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Access question - internal training

Greetings!

I am looking for best of class suggestions for building an internal training system within an access application.

For example:
A new hire needs to refresh their knowledge on how to run daily reports. (Or any task within the system)

I figure there may be an existing access db that I could bolt on or reference through a button on each screen. Or maybe it is hyoerlinks connected to word docs?

Thanks for your thoughts and insights as always:)

Dennis
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DGWhittaker
Asked:
DGWhittaker
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1 Solution
 
COACHMAN99Commented:
If I understand correctly, you need a reminder/scheduler utility to track training by user?
if so, who will monitor/adjudicate and update the 'training completed' records?
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aburrCommented:
Access based internal training
First step
List subject matter – daily reports, requisition forms, calendar input, etc
Collect the refresher info – files, regular classes, power point, etc
The data base additions
A query which returns a list of refresher subjects and the type of refresher materials
A click on a subject will call up a form which will return a form which lists the selected subject, the type of study material, and a link to that material. There will be blank spaces for the student to fill in his name, company ID, start time, end time, and suggestions. The form will go to a section of the main company data base where this item can be accessed by the employee (to fill in the end time and suggestion box).
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DGWhittakerAuthor Commented:
Thanks for the follow up question!

Not so much.
More of an on the fly system where users can quickly get an overview of how to perform a specific task they have been assigned. No monitoring required. If the user has a question the manager would simply remind them to click the button with a ?.

I hope this brings clarity:)
Dennis
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PatHartmanCommented:
If you already have documents that describe the process, then the Access app can just be a table that contains links to existing documents.  You would build a form that allows the user to search for a particular application and when he clicked on a "link", you would use the FollowHyperlink method to find the document or even webpage.  I frequently do this for applications by adding buttons to certain forms and if the user clicks on the button, the app opens a document pertaining to the form in question.

If you are just building the documentation, you can try building it using Access and produce it as Access reports.  I would need to know more about the requirements to know which path to choose.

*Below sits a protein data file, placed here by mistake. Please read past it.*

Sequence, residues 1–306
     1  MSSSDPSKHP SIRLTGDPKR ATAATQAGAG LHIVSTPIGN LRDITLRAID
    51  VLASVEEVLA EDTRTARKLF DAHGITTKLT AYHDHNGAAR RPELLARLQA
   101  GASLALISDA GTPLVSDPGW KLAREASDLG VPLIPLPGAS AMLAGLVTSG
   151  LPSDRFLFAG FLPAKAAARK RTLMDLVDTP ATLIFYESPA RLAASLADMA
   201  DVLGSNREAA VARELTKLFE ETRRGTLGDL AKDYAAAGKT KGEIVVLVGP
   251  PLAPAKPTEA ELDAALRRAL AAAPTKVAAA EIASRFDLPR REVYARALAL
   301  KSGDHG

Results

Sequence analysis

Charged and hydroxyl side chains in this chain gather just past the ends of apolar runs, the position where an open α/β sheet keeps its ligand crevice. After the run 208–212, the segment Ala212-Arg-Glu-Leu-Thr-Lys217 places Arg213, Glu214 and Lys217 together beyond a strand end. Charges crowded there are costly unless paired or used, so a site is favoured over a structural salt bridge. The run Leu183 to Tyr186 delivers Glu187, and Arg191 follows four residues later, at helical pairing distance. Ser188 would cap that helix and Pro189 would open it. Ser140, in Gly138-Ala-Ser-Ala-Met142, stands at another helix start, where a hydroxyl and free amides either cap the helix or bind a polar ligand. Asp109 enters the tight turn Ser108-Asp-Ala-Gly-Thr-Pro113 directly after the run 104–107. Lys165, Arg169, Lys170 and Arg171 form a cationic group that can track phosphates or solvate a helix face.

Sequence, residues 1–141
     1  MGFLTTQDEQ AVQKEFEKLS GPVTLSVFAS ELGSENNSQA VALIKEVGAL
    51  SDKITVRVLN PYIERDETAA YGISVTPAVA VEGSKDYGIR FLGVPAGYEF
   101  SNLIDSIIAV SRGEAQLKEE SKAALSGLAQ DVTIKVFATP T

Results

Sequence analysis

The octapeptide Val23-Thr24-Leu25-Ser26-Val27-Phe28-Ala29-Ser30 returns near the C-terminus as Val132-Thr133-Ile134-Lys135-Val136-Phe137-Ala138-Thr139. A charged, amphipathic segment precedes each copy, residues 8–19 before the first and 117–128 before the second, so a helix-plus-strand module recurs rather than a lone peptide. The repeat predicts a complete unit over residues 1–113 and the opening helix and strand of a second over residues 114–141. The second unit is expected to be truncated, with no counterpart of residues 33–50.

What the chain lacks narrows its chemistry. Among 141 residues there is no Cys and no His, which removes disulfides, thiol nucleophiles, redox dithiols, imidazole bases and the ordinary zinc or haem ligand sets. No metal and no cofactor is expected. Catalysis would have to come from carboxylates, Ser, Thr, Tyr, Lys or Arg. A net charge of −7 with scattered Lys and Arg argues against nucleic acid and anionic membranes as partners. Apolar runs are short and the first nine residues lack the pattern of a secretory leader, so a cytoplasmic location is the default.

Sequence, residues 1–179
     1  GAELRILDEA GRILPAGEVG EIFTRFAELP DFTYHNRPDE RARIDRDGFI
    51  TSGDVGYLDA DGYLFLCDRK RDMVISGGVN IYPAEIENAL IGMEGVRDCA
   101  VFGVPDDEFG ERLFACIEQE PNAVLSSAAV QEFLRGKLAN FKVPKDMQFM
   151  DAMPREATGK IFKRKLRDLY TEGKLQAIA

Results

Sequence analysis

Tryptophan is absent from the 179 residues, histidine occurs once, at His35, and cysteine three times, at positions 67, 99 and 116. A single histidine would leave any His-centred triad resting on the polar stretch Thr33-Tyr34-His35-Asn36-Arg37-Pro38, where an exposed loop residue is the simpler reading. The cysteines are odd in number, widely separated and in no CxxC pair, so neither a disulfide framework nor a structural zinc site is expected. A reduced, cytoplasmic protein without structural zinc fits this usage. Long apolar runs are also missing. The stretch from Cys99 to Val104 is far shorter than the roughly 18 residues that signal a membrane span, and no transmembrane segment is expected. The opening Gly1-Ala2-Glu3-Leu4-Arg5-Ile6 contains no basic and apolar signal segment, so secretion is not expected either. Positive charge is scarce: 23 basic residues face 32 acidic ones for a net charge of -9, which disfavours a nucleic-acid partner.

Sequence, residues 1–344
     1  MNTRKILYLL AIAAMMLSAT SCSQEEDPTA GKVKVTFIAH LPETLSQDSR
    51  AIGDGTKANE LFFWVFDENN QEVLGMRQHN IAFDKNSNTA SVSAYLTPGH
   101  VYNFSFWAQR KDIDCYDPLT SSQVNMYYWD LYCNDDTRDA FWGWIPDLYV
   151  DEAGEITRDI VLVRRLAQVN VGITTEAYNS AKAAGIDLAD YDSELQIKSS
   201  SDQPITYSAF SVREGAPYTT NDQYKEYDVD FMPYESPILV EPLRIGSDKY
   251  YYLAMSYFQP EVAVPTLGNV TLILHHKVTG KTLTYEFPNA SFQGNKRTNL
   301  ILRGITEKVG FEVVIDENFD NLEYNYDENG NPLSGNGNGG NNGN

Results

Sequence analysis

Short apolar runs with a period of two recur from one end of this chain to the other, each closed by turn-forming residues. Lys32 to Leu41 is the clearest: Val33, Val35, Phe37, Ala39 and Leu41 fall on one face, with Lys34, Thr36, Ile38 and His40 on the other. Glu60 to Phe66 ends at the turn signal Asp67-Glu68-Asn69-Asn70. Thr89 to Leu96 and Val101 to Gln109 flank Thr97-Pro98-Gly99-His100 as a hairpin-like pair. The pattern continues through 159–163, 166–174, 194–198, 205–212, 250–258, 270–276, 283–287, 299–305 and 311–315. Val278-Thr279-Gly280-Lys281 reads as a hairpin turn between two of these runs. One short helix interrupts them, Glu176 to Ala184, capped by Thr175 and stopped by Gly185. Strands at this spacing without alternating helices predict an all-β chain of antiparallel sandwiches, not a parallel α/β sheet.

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Eric ShermanAccountant/DeveloperCommented:
Why not just store the various help files in .PDF format then use the method below for the OnClick Event of your ? Buttons.

Private Sub HelpButton1_Click()
If Dir("C:\Documents\HelpFiles\HelpFile1.PDF") = "" Then
    MsgBox "The required PDF file to view has been deleted or missing!!", vbCritical, ""
    Exit Sub
Else
FollowHyperlink "C:\Documents\HelpFiles\HelpFile1.PDF"
End If
End Sub
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DGWhittakerAuthor Commented:
Thanks All!

I like the idea of building the documentation within Access as it would force consistency in the documents regardless of who creates the document.

This of course begs the question of how to auto grab the right report based on the location of the button. I suppose there would be a way to tie it to the form name it is being called from?

 Looking for some insights as always.

Dennis
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Eric ShermanAccountant/DeveloperCommented:
<<<<<I like the idea of building the documentation within Access as it would force consistency in the documents regardless of who creates the document>>>>

Access really does not have the built in functionality to do that outright.  You could use M/S Word to create the documentation the embed or link that document into a Form Object in Access based.

ET
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PatHartmanCommented:
The button knows where it is and so each button references a unique document.  If you don't want to hard-code the paths scattered around the app, you could create a table.  Then the button would reference the row ID.  So button X would reference row 39.  The table should separate the path from the document name to make it easier to move the documents.  The FollowHyperlink method can concatenate the two parts to form a name.  If you have a combination of documents (pdf, xlxs, doc, txt, etc) and web pages,  Use the same technique.  The web address except for the actual document name in the path field and the doc name in the doc name field.
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DGWhittakerAuthor Commented:
Thanks Pat!
Dennis
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